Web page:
Notes on Perspective Distortion and Projections #
The term “distortion” can be somewhat misleading, because the optical phenomenon of perspective distortion simulates our expectations - and how our own eyes work. I like the term because it is accurate, a shift in scale relative to distance is a distortion certainly, and it gently reminds us not to get too caught into paradigms of real world cameras, or not to take it for granted.
The angle, or zoomed-in-ness, of a lens is measured two ways. The first is with an angle of the field of view. This is how game engines usually work. Many games let us change the field of view. On actual lenses, it’s measured in millimeters. Which is a strange unit. The mm measurement is the distance between the optical center of the lens and the image sensor. The lower the mm number, the wider the lens. (“zoomed out”). The bigger the number, the more “reach” this “telephoto” lens has. “zoomed in”. Wide angle lenses refer to lenses that typically produce images with more dramatic perspective distortion than our human vision. (fisheye, 9 – 34mm). Normal lenses refer to lenses where the perspective distortion is unremarkable, considering “normal” human vision (35-70mm), and telephoto is any lens more zoomed in than normal.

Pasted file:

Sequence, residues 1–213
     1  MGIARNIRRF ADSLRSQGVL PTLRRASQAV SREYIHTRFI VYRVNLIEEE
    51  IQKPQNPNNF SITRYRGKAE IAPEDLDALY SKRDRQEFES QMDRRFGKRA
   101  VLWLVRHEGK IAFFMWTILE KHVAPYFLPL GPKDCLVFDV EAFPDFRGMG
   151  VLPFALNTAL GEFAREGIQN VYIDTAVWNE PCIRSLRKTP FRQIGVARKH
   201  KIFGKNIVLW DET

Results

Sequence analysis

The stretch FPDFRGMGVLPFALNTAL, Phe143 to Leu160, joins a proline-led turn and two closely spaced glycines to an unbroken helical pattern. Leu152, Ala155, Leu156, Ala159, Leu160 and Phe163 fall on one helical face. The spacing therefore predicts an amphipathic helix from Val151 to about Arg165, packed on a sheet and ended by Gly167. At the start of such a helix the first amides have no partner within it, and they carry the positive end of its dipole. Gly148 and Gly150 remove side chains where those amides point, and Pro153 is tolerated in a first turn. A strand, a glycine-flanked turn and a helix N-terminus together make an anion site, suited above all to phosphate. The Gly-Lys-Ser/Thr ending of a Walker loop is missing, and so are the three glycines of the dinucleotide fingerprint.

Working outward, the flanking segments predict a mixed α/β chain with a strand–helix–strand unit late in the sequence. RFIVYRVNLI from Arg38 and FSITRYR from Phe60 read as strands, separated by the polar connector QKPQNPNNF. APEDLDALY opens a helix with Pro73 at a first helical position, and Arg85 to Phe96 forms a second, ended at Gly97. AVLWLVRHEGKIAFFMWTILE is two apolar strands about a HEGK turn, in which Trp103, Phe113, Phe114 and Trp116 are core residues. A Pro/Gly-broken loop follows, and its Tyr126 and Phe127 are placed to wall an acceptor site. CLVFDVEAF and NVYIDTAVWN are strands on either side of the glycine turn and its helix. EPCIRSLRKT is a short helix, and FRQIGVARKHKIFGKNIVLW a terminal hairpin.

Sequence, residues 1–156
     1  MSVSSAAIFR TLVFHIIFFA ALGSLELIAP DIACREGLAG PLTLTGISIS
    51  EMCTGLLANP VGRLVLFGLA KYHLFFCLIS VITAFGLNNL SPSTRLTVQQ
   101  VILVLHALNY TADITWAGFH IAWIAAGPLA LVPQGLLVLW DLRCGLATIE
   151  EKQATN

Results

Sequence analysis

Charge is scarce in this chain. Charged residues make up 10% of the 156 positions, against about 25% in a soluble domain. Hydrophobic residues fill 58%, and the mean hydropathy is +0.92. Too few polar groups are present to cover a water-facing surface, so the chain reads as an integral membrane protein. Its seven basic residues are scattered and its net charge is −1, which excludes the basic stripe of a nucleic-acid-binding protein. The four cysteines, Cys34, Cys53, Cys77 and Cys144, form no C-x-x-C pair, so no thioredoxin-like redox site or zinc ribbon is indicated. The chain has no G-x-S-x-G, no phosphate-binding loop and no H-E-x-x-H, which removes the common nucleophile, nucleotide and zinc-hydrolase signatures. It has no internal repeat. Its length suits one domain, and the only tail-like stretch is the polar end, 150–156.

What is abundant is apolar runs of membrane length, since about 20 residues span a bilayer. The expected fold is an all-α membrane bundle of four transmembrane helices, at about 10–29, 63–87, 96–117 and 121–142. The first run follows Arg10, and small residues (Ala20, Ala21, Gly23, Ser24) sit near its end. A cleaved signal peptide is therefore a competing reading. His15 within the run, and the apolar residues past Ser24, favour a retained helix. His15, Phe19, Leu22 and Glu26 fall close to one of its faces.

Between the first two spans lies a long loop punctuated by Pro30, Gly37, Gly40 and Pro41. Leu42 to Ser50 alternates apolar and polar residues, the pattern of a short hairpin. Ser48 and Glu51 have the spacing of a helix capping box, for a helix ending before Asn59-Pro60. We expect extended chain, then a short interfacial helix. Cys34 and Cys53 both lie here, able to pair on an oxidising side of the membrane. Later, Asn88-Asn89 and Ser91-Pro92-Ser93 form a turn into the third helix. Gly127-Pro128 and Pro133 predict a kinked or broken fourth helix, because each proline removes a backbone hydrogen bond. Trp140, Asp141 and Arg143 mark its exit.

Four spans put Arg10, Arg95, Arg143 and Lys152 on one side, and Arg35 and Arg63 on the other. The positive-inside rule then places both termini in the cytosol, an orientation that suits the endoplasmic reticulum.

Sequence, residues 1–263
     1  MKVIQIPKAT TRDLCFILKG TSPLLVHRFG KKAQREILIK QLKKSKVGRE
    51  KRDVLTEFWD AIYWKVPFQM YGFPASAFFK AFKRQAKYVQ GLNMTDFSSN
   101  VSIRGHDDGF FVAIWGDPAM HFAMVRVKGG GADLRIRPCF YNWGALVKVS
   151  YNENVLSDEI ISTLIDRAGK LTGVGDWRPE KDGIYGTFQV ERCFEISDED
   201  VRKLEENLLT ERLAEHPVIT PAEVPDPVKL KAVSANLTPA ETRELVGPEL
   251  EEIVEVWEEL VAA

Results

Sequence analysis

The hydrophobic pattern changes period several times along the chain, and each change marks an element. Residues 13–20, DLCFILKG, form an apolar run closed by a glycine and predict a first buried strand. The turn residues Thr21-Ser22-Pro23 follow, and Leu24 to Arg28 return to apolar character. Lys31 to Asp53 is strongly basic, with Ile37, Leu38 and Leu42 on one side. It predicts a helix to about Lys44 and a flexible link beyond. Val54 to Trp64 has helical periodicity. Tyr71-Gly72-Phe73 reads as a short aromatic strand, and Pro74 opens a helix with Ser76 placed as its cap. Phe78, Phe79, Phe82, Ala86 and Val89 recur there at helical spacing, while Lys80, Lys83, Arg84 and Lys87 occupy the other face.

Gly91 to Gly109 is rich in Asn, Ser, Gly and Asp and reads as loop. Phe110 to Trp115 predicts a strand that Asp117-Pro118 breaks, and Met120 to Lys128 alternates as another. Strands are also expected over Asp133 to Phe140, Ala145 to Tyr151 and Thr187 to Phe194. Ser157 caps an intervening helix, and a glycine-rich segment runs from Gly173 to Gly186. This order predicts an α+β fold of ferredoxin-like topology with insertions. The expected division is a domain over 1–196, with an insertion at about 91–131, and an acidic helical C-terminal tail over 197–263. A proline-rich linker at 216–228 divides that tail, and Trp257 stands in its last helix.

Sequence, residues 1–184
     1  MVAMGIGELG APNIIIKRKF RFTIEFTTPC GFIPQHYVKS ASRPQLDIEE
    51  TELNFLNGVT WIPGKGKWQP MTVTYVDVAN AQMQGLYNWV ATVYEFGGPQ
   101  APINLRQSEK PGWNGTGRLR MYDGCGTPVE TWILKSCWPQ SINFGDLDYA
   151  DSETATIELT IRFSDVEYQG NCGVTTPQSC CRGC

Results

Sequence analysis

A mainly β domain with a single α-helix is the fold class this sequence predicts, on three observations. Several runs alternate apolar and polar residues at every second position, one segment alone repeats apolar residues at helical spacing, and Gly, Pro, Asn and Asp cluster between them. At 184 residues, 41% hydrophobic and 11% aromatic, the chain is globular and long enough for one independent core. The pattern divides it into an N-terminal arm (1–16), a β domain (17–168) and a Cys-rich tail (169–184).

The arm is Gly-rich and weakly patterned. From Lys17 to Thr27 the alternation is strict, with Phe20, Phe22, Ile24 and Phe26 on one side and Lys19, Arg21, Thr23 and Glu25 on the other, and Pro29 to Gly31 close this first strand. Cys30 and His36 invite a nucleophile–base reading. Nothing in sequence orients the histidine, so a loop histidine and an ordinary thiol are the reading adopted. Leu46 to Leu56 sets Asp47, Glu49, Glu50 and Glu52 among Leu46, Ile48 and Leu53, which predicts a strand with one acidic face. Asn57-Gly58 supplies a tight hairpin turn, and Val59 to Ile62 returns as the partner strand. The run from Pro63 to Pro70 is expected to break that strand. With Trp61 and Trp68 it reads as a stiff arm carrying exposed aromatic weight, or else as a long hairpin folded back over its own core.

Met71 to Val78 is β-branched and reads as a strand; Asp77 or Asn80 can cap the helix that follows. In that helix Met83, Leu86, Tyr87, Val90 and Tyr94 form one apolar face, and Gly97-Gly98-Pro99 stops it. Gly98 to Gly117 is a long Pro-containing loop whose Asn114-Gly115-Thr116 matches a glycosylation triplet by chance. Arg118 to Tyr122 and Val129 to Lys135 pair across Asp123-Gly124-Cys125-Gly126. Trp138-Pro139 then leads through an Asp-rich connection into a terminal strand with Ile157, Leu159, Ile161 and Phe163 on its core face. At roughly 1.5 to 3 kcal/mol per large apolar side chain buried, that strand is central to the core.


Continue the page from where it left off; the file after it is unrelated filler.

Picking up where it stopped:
Those mm generalities refer to 35mm film lenses or full frame cameras. Other sensor size lenses may show an “equivalent” mm marking, just so photographers understand what to expect if it were on a 35mm film camera body, as our “scale”. This scale of using these mm measurements of 35mm film cameras (in digital, we call them “full frame” cameras) is so universal, 3D modeling software, rendering software, and game engines will use this measurement instead of (or along side) the more pedantically accurate “horizontal field of view” (FOV) measurement.
A unity scene with a perspective camera. Note that the blue and red spheres appear further away, and the green sphere takes up about twice as much area as the blue.